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(The Stuckists)


Introduction Text Paintings Large images: 1 2 3 4 5 6 7 8 9 10 11



Lives in a cottage in Norfolk, is dyslexic and partial to blonde girls.

24.11.60 Born Erith, Kent. Great-great-grandson of Victorian watercolourist, .John Absolon, (1815-95)
1971-76 Rede School, Strood and Educational Special Unit, Chatham, Kent
1977-79 Medway College of Art & Design, Foundation. Second year ruined by a blonde girl.
1979-82 Epsom College of Art, Diploma. Paintings thrown into skip on Principal's orders.
1982-93 Unemployed/job training schemes for office and computer work
1984 Applied to Slade School of Art because Augustus John went there. Rejected.
1987 Applied to Royal College of Art. Submitted pictures of cats. Rejected.
1993-94 Fine Art Access course, Maidstone College of Art
1994 Accepted on a part-time degree course at KIAD (Kent Institute of Art & Design). Unable to take up the course because of financial difficulties. Then awarded a grant, so applied for full-time degree course. Rejected.
1994 Attended life drawing classes at Rochester Adult Education Centre.
1999 Accepted for NVQ in horse care. Unable to complete because of mandatory government Project Work placement. Founder member of the Stuckists art group.
2003-4 Artist-in-Residence, Rochester Adult Education Centre, Kent
2004 Featured artist, The Stuckists Punk Victorian, Walker Art Gallery, for the Liverpool Biennial
2006 Go West show, Spectrum London

Travels by train through Europe visiting palaces and art museums. Fascinated by German Hohenzollern Empire (1871-1918). Likes cats, dogs, horses and the Arts Club, Mayfair. Attends courses on sculpture, life drawing and painting daily. "I've been encouraged to keep going by Billy Childish during difficult times."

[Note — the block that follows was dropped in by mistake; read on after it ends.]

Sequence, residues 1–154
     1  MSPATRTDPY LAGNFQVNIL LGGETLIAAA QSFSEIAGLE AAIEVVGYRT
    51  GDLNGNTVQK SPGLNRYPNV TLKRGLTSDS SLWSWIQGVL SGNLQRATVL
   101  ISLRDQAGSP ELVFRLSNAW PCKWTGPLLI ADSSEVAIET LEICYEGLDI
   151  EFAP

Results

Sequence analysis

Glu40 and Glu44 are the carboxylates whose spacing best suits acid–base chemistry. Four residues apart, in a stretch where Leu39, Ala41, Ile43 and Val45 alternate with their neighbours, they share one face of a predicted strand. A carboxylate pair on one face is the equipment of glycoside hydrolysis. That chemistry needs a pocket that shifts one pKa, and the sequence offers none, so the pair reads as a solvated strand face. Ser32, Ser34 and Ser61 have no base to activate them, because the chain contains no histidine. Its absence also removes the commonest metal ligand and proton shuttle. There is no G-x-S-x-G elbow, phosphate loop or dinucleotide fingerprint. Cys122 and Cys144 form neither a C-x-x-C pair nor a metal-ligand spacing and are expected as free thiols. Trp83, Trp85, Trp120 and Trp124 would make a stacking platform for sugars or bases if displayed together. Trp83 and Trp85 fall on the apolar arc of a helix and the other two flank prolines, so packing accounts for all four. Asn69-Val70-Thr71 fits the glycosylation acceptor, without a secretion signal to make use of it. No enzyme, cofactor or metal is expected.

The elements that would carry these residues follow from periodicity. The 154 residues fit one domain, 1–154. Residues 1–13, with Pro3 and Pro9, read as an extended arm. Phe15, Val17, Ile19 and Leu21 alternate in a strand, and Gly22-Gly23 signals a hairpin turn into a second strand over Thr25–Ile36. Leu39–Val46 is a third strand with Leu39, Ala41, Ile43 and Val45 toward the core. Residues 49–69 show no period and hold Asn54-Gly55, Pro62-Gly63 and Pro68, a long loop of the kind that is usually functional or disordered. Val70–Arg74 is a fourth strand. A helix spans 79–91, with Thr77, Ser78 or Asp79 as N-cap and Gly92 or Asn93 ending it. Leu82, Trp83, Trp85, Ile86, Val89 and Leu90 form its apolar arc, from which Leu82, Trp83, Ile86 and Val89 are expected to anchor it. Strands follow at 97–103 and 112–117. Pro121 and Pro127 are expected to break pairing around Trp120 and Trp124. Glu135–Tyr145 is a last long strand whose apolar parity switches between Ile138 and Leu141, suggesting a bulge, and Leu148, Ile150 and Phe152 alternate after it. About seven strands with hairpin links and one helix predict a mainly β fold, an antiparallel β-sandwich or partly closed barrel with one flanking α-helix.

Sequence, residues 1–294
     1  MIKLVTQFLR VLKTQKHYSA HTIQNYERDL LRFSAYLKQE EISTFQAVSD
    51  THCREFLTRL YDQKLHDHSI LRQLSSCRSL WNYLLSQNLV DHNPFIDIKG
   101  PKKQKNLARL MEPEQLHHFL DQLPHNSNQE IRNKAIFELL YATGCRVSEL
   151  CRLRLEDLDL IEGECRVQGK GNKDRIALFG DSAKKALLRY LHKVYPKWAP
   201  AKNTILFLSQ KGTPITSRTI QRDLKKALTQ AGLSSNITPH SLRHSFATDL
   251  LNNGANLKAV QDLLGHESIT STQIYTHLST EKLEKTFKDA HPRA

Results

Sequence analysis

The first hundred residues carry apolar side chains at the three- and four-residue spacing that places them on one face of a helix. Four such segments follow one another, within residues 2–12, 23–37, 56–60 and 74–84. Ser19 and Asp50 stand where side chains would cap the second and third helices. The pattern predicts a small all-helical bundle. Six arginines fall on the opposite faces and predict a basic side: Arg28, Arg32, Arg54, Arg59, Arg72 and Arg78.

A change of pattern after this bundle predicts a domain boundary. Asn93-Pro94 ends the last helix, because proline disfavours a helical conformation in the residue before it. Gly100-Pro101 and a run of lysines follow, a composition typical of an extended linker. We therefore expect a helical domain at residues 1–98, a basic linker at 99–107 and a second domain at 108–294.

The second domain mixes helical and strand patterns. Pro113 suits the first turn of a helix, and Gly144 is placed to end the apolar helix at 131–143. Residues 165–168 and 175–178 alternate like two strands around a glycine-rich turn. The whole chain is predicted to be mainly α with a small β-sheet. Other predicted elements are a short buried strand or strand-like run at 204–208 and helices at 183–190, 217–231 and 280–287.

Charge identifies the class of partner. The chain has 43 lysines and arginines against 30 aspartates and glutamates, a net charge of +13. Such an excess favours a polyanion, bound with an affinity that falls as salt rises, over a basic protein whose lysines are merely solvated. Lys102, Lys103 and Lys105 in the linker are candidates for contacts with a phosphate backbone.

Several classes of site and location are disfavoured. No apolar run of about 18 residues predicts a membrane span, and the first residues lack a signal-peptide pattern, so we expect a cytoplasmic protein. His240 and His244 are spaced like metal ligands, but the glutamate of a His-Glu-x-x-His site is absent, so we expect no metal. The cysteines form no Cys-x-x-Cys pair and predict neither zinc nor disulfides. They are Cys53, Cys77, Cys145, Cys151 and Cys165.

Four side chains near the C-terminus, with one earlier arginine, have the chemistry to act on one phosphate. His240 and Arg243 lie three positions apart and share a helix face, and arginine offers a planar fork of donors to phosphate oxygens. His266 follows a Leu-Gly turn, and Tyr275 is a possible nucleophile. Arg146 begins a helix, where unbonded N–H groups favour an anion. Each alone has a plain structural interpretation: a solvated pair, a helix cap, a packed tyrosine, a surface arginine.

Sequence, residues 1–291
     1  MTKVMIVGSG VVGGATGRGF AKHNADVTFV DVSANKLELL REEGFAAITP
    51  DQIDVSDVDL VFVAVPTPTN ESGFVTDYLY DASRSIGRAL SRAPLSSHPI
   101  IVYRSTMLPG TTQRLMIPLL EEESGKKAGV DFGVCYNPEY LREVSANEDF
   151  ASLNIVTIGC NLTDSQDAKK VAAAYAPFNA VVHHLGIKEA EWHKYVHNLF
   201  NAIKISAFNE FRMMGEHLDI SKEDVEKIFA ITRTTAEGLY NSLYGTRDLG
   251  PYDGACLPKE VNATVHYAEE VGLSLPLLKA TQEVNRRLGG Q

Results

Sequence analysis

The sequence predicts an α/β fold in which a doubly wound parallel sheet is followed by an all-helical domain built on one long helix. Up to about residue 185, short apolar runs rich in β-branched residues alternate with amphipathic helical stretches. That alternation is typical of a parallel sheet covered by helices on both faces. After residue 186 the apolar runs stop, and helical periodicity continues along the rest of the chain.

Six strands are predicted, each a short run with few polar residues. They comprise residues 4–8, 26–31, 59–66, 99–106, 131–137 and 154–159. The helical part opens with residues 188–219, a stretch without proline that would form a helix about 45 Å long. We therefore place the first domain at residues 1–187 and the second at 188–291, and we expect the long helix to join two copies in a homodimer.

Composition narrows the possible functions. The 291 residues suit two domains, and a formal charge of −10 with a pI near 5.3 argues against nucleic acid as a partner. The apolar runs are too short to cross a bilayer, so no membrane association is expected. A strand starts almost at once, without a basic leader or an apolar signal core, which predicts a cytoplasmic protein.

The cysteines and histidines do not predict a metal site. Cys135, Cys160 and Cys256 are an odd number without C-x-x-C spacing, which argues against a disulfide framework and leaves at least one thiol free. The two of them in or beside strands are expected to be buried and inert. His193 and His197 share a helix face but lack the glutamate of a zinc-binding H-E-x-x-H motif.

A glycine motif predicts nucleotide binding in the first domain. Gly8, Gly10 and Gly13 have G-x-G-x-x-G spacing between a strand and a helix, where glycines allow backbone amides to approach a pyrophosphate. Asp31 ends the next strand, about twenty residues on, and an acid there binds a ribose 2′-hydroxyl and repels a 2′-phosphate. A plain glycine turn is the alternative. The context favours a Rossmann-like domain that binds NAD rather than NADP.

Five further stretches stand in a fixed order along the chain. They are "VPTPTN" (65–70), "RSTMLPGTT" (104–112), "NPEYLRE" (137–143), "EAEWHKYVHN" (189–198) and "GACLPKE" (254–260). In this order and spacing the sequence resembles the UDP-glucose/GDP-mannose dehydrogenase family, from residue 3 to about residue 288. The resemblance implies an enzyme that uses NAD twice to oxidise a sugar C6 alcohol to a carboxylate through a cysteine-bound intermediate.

Working method

"I do lots of drawing from life. I've drawn continuously since I was sixteen. I like to watch cats moving and draw them. Then I enlarge the drawing on a photocopier and trace it onto the canvas using dressmaker's tracing paper. I usually paint 8-10pm every night: a painting takes up to a month."

"Job Club" painting

"They were all real people on a government unemployed scheme. They were builders apart from me, and they didn't want to be there. We'd all been doing it so long that I thought we would end up dead still doing it. I also disguised them because I didn't want to get beaten up. They're all portraits. I'm the middle one."

Web site

Web site www.absolon.org.uk + mirror site Electric Rain Missionary

The text above has been adapted from The Stuckists Punk Victorian book (National Museums Liverpool)



Of all the striking paintings in The Stuckists Punk Victorian exhibition, Philip Absolon's hit me hardest. I get the impression a lot of Stuckists are well used to life on society's fringes, on the receiving end of welfare-to-work policies which just don't work for many. Absolon's pictures - many in this style and on this theme - seem born out of the awful experience of sitting in places like Job Clubs and feeling, well, skeletal, living dead. I don't really like the picture - it's not the sort of picture anyone would like - but I've chosen it (a) in celebration of the Stuckist ethic, grassroots creatives all, (b) in remembrance of my days on the dole which though a long way off now still sensitise me a little to the plight of those in that situation today, and (c) to mark the campaigning work of Church Action on Poverty who promote Poverty Action Sunday in February and whose campaigning work does what Absolon does, in a very different way - provokes the comfortable classes to take note of the issues.

Feb 2005, see original text here

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